By Fadi Shana and Bassam Masoud
GAZA (Reuters) – Children poke at rubble with their feet after an air strike and pick up household items from the debris. Families queue for sacks of flour distributed by U.N. workers. Volunteers cook lentil soup to warm up displaced people drenched by rain.
Life was grinding on across the Gaza Strip on Tuesday, in the seventh week of the war between Israel and Hamas, with a new normal defined by destruction, displacement and the daily hardship of looking for food and trying to stay dry.
In Khan Younis, the town in southern Gaza where hundreds of thousands of residents of the north have fled to escape intensive Israeli bombardment, neighbours said an overnight strike on an apartment had killed seven people, mostly children.
“Flesh is on the walls and in the streets here. What’s the guilt of those children?” said Younis Abd al-Hady, a local resident who was among several surveying the wreckage.
Around him, children were picking at the rubble strewn on the street below the targeted building, which was still standing but with one floor almost entirely gone, its only remaining fragments of walls blackened.
Israel says its strikes are aimed at Hamas infrastructure, based on intelligence. It blames Hamas for civilian casualties, saying the Islamist group it has vowed to destroy uses them as human shields.
But that argument held no sway with al-Hady, who raged at Israel, which he blamed for the deaths and misery.
“We are all targeted, wherever we go we are targeted. Child, man, elderly, all are targeted. In Gaza City or in any other place they are after us. They are asking people to leave and then strike them on the road, hundreds of people,” he said.
The war was triggered by Hamas militants rampaging through southern Israel on Oct. 7, killing 1,200 Israelis and abducting 240, according to Israel, which has responded with a military assault that has killed some 13,000 Palestinians, according to health officials in the Hamas-controlled enclave.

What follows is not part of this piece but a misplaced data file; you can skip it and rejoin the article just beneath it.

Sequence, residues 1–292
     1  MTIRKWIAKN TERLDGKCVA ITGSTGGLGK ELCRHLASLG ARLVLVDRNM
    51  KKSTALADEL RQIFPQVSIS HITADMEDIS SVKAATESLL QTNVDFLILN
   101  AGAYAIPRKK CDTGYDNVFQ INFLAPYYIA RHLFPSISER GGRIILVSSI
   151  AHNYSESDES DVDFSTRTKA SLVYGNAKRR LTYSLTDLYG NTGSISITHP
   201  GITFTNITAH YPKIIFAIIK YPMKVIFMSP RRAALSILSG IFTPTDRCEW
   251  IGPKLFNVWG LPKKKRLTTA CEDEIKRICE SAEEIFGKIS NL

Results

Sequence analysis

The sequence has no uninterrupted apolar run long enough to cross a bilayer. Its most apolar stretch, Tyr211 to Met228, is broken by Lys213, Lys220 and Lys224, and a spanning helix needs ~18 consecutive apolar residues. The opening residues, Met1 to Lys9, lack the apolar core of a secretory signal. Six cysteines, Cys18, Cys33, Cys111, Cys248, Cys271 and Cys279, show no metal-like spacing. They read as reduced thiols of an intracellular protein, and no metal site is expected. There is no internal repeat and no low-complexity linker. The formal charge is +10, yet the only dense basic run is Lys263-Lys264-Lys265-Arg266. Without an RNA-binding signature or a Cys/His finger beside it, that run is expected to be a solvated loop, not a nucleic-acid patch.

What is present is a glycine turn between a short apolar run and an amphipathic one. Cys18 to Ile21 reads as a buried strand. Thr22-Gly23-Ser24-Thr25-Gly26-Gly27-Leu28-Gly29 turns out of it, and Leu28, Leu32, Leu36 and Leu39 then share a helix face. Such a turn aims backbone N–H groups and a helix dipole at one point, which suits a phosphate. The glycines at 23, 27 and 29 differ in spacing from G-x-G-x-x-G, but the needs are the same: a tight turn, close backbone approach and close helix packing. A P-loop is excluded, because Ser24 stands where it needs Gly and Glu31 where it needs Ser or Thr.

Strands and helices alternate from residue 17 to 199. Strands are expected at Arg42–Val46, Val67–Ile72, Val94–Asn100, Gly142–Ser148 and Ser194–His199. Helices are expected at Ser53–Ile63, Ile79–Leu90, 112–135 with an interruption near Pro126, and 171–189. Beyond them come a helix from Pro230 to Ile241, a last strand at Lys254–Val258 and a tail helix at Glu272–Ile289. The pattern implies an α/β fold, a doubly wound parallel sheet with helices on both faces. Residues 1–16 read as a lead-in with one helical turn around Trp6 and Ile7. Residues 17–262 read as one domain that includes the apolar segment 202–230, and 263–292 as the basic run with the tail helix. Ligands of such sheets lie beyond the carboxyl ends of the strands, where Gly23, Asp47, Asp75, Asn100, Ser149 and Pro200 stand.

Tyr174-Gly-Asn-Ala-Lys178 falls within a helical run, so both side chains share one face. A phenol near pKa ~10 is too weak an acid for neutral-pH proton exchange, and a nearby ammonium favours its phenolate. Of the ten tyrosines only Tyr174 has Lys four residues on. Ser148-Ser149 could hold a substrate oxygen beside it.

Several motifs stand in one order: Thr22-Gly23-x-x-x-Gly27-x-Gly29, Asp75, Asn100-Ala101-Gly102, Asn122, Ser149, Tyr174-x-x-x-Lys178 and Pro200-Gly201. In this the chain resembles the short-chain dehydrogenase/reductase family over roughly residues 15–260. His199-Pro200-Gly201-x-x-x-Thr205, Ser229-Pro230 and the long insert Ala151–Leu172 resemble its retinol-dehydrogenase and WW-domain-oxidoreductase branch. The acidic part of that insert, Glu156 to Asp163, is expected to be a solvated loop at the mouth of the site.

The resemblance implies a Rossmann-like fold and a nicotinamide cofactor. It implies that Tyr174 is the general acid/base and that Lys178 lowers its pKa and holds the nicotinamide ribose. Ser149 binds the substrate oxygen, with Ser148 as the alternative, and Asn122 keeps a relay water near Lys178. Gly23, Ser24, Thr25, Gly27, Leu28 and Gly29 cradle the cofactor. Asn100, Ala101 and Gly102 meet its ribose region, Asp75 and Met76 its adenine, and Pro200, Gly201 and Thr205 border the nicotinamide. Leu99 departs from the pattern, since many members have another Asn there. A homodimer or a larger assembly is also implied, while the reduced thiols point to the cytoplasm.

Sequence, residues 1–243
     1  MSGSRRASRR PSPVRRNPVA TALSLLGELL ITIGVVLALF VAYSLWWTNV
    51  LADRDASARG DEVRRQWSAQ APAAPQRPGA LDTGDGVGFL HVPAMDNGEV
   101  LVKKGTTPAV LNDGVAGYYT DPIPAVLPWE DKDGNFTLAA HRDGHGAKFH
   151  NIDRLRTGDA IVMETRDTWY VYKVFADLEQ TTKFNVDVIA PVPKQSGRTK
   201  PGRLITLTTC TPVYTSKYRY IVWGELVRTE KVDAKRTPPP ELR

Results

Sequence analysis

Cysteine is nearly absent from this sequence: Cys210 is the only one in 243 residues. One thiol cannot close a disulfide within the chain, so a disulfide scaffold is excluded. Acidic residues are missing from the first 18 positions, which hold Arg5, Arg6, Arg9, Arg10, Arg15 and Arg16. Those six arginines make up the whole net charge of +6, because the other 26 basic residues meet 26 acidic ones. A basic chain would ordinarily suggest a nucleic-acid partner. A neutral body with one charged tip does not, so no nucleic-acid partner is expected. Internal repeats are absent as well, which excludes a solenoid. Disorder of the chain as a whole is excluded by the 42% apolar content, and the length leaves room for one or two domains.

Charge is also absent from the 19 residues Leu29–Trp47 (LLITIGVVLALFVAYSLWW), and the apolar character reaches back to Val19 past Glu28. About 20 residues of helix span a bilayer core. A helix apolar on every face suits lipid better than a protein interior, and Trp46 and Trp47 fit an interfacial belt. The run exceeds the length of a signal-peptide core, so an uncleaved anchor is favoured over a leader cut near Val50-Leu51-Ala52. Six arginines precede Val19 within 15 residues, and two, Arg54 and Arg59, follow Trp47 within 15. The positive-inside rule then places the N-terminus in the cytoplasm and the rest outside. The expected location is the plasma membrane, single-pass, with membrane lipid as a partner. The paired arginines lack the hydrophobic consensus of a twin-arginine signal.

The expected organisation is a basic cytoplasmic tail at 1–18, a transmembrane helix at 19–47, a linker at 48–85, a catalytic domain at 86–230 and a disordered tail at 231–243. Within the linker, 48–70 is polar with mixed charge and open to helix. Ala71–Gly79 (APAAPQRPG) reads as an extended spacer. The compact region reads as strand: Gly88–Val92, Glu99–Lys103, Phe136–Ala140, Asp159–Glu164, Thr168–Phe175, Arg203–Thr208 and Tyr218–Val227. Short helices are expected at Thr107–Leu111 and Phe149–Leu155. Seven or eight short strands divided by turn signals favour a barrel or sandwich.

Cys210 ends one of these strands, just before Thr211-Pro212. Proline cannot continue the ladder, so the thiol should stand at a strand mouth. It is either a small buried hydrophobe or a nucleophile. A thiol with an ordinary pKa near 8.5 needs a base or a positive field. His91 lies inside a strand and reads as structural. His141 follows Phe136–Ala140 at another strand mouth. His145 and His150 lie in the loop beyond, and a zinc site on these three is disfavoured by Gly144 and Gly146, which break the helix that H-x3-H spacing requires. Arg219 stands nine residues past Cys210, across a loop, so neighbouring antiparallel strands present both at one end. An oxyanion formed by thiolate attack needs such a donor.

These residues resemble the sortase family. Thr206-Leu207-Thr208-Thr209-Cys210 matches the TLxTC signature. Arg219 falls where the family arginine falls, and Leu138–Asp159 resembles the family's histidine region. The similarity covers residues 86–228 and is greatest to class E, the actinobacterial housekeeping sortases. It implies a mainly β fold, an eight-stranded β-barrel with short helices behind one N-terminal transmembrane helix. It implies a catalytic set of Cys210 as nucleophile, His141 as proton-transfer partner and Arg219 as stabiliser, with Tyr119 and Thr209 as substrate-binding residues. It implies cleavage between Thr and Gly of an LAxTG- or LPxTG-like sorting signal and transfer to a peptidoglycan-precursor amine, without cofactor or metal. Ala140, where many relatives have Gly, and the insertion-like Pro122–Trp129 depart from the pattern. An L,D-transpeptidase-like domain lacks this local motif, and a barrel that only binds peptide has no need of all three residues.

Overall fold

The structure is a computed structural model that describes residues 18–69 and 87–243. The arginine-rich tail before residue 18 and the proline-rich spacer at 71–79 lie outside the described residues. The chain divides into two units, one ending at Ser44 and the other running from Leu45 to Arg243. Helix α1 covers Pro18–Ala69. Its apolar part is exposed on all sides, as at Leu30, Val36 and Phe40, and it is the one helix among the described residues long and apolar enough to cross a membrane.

In Jabalia in the northern Gaza Strip and in Rafah in the south, Tuesday morning brought tragically familiar scenes of adults and children wounded in bombardments being rushed into overcrowded hospitals.
FLOUR AND LENTILS
In Rafah, an aid truck full of sacks of flour was being unloaded by U.N. workers in distinctive blue vests. People were carrying them away on bicycles, donkey carts or on their backs.
Life-saving for hundreds of thousands of Gazans, the food aid coming through the Rafah border crossing is nevertheless insufficient to feed everyone adequately.
“We are 13 people. These three or four bags (of flour) they’re giving us are not enough for us. We used to take eight, 10 bags. This is not nearly enough,” said Taghreed Jaber, a woman displaced from Beit Hanoun in the north of the strip.
Jaber said her family were living in tents and were unable to stay dry when it rained. She said the children were too cold sleeping on the floor, and they needed blankets. Before the arrival of the flour, they had been eating only rice for days.
“Flour can’t be found anywhere. I came from the north 20 days ago and haven’t been able to find any flour. I bought some rice and we’re surviving on rice,” she said.
Back in Khan Younis, a group of volunteers had banded together to cook large pots of lentil soup for displaced people in one of the tent cities that have sprung up, with donors providing money or ingredients to make the project possible.
Men, women and children lined up with empty bowls and plastic food containers, waiting for their share of the fragrant soup simmering in three large metal pots, as men stirred it with a ladle and a long plank of wood.
“Lentil soup used to be an ordinary dish that no one cared about, but for us now it’s better than lamb meat. We are thankful that the lentil soup is now available to us, thanks to these volunteers,” said displaced woman Mounira al-Masry.
Hussein Abu Ramadan, also displaced, was organising the cooking of the soup, which was taking place on small fires built on damp sandy ground, with tarpaulin tents all around.
“Lentil soup is a traditional dish for Palestinians,” he said.
“When it rained no one was safe in their tent. The rain and cold have reached everyone, especially those with children. Because of this, volunteers started to think about serving lentil soup, the winter dish that can warm people.”
While the soup was enough to bring a measure of comfort, even children could not forget the desperate situation.
“It’s not a life that we are living now. No life, no food, no drink, nothing. Even the rain is pouring on us. We can’t sleep because of it,” said Maram al-Tarabeesh, a young girl with braided hair.
(Reporting by Reuters TV; Writing by Estelle Shirbon, Editing by William Maclean)